What is a radical neck dissection? when is it done?

What is a radical neck dissection? The surgeon removes a block of tissue from the collarbone to the jaw and from the front to the back of the neck. The large muscle on the side of the neck that is used for rotating, flexing or extending the neck is also taken out, along with the major vein on the side of the neck. Sometimes, a less drastic operation, called a supraomohyoid neck dissection is done. This takes out only the lymph nodes, the tissue surrounding the nodes and a muscle at the front of the neck. Another technique, called a functional neck dissection, saves the muscles of the neck, taking out only the lymph nodes and tissues surrounding them.
What kind of incision is made with a radical neck dissection? The incision depends upon what the surgery is for. It can run from below the ear to the collarbone. Everything in the front of the neck on one side or on both sides may be removed. This may include the lymph nodes, blood vessels, nerves, and the salivary gland under the jawbone.

Can you have a normal life after a heart attack?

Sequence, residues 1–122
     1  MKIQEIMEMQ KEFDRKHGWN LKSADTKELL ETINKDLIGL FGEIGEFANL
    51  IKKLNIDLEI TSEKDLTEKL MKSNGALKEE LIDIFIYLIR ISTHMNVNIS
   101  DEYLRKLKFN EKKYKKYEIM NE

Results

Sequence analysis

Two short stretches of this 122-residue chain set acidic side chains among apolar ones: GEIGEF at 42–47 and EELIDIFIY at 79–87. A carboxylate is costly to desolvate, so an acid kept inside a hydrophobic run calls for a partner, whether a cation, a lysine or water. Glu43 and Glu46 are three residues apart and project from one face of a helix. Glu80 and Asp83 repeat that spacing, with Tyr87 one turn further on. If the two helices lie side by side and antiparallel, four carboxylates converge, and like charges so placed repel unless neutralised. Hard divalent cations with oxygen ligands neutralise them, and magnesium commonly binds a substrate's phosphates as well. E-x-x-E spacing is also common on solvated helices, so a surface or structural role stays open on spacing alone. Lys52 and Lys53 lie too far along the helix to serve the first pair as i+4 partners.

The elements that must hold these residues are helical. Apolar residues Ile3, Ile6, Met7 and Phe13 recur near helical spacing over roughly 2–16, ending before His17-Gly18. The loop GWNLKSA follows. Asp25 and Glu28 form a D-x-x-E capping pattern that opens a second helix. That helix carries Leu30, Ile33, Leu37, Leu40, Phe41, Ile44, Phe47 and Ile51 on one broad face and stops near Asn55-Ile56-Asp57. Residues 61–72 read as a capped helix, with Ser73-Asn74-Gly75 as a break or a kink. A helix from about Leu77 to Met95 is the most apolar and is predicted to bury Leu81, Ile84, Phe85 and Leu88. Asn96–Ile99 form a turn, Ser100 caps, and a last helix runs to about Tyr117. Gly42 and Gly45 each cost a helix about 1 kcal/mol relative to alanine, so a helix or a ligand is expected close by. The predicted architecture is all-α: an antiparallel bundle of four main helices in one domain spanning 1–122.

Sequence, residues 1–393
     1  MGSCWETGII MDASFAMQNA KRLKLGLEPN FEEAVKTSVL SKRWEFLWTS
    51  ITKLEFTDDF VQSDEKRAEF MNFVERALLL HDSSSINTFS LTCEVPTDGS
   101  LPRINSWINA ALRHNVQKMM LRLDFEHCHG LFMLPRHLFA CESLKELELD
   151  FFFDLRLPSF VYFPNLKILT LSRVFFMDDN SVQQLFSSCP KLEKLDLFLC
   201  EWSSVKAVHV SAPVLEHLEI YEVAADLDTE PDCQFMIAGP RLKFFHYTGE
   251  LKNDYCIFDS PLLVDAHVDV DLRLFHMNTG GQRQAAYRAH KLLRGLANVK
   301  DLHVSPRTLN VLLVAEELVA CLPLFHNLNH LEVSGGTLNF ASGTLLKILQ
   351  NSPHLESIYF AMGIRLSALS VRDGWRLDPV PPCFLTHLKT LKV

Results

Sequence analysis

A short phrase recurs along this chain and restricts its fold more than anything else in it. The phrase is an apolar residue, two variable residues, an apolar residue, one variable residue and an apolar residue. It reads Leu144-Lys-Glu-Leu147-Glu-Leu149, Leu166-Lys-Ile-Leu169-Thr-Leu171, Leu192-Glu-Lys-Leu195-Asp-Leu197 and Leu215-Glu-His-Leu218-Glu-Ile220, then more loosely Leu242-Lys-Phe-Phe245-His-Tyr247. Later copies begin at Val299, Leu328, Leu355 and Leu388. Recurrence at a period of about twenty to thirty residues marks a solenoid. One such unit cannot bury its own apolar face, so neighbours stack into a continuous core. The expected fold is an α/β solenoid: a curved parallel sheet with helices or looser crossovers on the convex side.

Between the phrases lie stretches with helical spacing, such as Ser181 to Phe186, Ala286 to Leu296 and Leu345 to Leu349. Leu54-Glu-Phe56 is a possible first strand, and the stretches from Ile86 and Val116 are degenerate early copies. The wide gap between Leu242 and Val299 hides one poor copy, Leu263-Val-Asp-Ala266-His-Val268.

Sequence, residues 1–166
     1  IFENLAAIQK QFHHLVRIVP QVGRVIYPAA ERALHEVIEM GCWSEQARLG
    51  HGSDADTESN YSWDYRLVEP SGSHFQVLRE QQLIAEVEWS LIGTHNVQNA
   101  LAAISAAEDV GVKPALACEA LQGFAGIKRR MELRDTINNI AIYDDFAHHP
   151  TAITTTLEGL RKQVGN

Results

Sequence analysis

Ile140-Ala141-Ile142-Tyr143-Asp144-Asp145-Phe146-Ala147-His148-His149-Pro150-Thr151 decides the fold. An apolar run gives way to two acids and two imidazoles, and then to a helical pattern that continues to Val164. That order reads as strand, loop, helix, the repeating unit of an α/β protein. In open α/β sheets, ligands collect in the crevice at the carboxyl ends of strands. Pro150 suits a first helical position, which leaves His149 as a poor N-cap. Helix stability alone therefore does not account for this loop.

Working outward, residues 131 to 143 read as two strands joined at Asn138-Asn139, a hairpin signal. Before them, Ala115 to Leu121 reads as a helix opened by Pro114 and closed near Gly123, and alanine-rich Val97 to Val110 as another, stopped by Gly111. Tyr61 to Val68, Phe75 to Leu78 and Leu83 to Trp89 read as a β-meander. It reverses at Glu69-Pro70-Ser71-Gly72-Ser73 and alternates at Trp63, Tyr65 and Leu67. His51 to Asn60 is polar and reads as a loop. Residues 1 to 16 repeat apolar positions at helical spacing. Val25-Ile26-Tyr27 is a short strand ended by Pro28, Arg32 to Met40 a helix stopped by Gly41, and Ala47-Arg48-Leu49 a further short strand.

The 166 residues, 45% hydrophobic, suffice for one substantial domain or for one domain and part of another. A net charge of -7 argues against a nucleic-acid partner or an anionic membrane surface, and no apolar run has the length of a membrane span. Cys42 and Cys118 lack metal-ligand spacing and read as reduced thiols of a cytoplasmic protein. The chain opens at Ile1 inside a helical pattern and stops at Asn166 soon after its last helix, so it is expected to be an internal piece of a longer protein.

Will I be an invalid for the rest of my life? 

In most cases, as a survivor, you are not an invalid. It is no longer thought that you have to “take it easy” after a heart attack. An early return to work and to full exercise is a new goal in advanced cardiac rehabilitation. This is an important point to keep in mind, and friends and relatives caring for you must recognize this as well. Invalidism can and must be avoided. Invalidism has both physical and psychological repercussions, and you will enjoy a fuller recovery if you have confidence that healing is possible and that you can return to a productive life.
There are some exceptional cases that require extra care, and if you are one such case, this would have been discovered during your hospital stay. People who have had major damage to the left ventricle of the heart, the chamber that pumps the blood out into the rest of the body, are at risk for cardiac arrhythmias and may not be able to return to full activity. Your health professional will explain any restrictions that may apply to you. Pay close attention, take notes, and try to have a companion in the room also to write down details. Make sure to ask any and all questions. Your hospital discharge recommendations will make clear whether you should limit your physical activity and exercise; follow the plans outlined very carefully. If you are not one of the exceptional cases, you should enjoy a rather rapid return to regular activity, including sexual activity.


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